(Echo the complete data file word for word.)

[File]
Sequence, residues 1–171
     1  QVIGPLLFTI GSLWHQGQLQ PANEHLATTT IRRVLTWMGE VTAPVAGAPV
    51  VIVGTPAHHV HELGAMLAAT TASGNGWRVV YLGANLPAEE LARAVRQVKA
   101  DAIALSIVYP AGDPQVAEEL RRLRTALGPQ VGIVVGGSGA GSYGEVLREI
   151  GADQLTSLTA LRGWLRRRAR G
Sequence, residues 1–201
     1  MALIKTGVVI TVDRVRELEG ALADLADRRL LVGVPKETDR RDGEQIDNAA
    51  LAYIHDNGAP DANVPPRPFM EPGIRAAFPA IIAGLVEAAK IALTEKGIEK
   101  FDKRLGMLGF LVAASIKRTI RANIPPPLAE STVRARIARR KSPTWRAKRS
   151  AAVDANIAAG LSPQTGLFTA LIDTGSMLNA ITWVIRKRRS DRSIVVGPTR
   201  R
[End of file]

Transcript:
Sequence, residues 1–171
     1  QVIGPLLFTI GSLWHQGQLQ PANEHLATTT IRRVLTWMGE VTAPVAGAPV
    51  VIVGTPAHHV HELGAMLAAT TASGNGWRVV YLGANLPAEE LARAVRQVKA
   101  DAIALSIVYP AGDPQVAEEL RRLRTALGPQ VGIVVGGSGA GSYGEVLREI
   151  GADQLTSLTA LRGWLRRRAR G
Sequence, residues 1–201
     1  MALIKTGVVI TVDRVRELEG ALADLADRRL LVGVPKETDR RDGEQIDNAA
    51  LAYIHDNGAP DANVPPRPFM EPGIRAAFPA IIAGLVEAAK IALTEKGIEK
   101  FDKRLGMLGF LVAASIKRTI RANIPPPLAE STVRARIARR KSPTWRAKRS
   151  AAVDANIAAG LSPQTGLFTA LIDTGSMLNA ITWVIRKRRS DRSIVVGPTR
   201  R